Read The Precipice Online

Authors: Ben Bova

The Precipice (4 page)

Humphries's brows rose questioningly.

“I know, I know,” Dan said. “There's the energy market. Sure. But how many solar-power satellites can we park in orbit? The
double-damned GEC just put a cap on them. We're building the next-to-last one now. After those two, no more powersats.”

Before Humphries could ask why, Dan continued, “The goddamned Greater Asia Power Consortium complained about the powersats
undercutting their prices. And the double-damned Europeans sided with them. Serve ‘em all right if they freeze their asses
off when the Gulf Stream breaks up.”

“The Gulf Stream?” Humphries looked startled.

Dan nodded unhappily. ‘That's one of the projections. The greenhouse warming is already changing ocean currents. When the
Gulf Stream breaks up, Europe goes into the deep freeze; England's weather will be the same as Labrador's.”

“When? How soon?”

“Twenty years, maybe. Maybe a hundred. Ask five different scientists and you get twelve different answers.”

“That's a real opportunity,” Humphries said excitedly. “Winterizing all of Europe. Think of it! What an opportunity!”

“Funny,” Dan retorted. “I was thinking of it as a disaster.”

“You see the glass half empty. To me, it's half full.**

Dan had a sudden urge to throw this young opportunist out of his office. Instead, he slumped back in his chair and muttered,
“It's like a sick Greek tragedy. Global warming is going to put Europe in the deep-freezer. Talk about ironic.”

“We were talking about the energy market,” Humphries said, regaining his composure. “What about the lunar helium-three?”

Dan wondered if his visitor was merely trying to pump him. Warily, he answered, “Barely holding its own. There's
not that many fusion power plants up and running yet— thanks to the kneejerk anti-nuke idiots. And digging helium-three out
of the lunar regolith ain't cheap. Fifty parts per million sounds good to a chemist, maybe, but it doesn't lead to a high
profit ratio, let me tell you.”

“So you'd need an injection of capital to start mining the asteroids,” Humphries said.

“A transfusion,” Dan grumbled.

“That can be done.”

Dan felt his brows hike up. “Really?”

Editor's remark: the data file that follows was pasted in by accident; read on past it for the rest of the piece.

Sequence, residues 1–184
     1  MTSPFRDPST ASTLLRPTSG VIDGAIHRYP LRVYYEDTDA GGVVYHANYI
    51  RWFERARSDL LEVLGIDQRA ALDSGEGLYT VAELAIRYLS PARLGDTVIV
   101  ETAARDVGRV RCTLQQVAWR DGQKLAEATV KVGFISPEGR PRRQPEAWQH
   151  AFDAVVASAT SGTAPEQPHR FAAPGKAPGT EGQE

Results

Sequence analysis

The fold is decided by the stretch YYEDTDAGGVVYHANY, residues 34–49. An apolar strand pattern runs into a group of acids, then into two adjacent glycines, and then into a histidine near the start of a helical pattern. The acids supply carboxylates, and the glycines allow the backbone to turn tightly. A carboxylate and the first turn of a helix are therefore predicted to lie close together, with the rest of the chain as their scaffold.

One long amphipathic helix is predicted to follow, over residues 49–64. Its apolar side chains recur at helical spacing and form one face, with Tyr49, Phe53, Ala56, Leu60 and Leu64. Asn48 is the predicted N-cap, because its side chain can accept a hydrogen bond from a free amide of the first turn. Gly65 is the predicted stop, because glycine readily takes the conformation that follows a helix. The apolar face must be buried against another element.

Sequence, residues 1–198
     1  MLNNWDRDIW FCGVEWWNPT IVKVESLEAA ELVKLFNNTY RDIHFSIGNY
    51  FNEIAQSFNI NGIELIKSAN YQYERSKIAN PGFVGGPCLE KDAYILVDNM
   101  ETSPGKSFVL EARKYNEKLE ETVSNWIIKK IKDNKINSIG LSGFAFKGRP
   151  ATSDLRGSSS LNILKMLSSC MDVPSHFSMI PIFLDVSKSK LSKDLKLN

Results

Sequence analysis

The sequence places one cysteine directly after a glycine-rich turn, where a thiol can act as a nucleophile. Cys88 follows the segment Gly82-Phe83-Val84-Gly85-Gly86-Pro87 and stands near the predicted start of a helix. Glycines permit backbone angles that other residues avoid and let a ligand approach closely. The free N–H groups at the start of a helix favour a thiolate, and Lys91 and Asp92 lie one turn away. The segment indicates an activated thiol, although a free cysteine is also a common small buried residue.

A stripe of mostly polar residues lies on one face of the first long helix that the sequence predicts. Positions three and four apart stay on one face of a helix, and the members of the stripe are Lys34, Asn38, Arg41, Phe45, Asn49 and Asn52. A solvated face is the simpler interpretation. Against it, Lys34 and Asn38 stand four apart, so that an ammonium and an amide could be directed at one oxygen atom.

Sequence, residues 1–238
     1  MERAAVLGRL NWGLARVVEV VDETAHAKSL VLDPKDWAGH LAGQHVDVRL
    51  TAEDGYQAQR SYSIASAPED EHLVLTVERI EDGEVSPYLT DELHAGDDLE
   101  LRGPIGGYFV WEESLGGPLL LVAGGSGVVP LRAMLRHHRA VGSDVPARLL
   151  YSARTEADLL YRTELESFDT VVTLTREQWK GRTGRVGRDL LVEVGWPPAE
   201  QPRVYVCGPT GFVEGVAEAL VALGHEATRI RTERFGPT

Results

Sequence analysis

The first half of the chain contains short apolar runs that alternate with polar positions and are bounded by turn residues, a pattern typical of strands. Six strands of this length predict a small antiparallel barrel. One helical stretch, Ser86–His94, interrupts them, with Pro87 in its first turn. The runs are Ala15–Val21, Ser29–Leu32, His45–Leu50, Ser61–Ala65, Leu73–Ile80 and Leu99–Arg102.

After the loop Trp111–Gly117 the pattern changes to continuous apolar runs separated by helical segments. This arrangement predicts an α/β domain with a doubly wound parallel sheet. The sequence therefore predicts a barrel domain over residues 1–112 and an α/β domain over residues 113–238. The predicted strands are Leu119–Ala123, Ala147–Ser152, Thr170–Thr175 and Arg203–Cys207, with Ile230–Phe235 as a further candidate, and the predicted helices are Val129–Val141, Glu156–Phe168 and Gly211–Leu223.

“I can provide the capital,” Humphries said, matter-of-factly.

“We're talking forty, fifty billion, at least.”

Humphries waved a hand, as if brushing away an annoyance. “You wouldn't need that much for a demonstration flight.”

“Even a one-shot demo flight would cost a couple bill,”. Dan said.

“Probably.”

“Where are you going to get that kind of money? Nobody's willing to talk to me about investing in Astro.”

“There are people who'd be willing to invest that kind of money in developing the asteroid market.”

For an instant Dan felt a surge of hope. It could work! Open up the Asteroid Belt. Bring those resources to Earth's needy
people. Then the cost figures flashed into his mind again, as implacable as Newton's laws of motion.

“You know,” he said wearily, “if we could just cover our own costs I'd be willing to try it.”

Humphries looked disappointed. “Just cover your own costs?”

“Damned right. People need those resources. If we could get them without driving ourselves into bankruptcy, I'd go to double-damned
Pluto if I had to!”

Relaxing visibly, Humphries said, “I know how we can do it and make a healthy profit, besides.”

Despite himself, Dan felt intrigued. “How?”

“Fusion rockets.”

By the seven cities of Cibola, Dan thought, this guy's a fanatic. Worse: he's an enthusiast.

“Nobody's made a fusion rocket,” he said to Humphries. “Fusion power generators are too big and heavy for flight applications.
Everybody knows that.”

With the grin of a cat that had just finished dining on several canaries, Humphries replied, “Everybody's wrong.”

Dan thought it over for all of half a second, then leaned both his hands on his desktop, palms down, and said, “Prove it to
me.”

Wordlessly, Humphries fished a data chip from his jacket pocket and handed it to Dan.

SPACE STATION
GALILEO

L
eaving her five fellow astronauts gaping dumbfounded at the airlock in the maintenance module, Pancho sailed weightlessly
to the metal arm of the robotic cargohandling crane jutting out from the space station. It was idle at the moment; with no
mass of payload to steady it, the long, slim arm flexed noticeably as Pancho grasped it in both hands and swung like an acrobat
up to the handgrips that studded the module's outer skin.

Wondering if the others had caught on to her sting, Pancho hand-walked along the module's hull, clambering from one runglike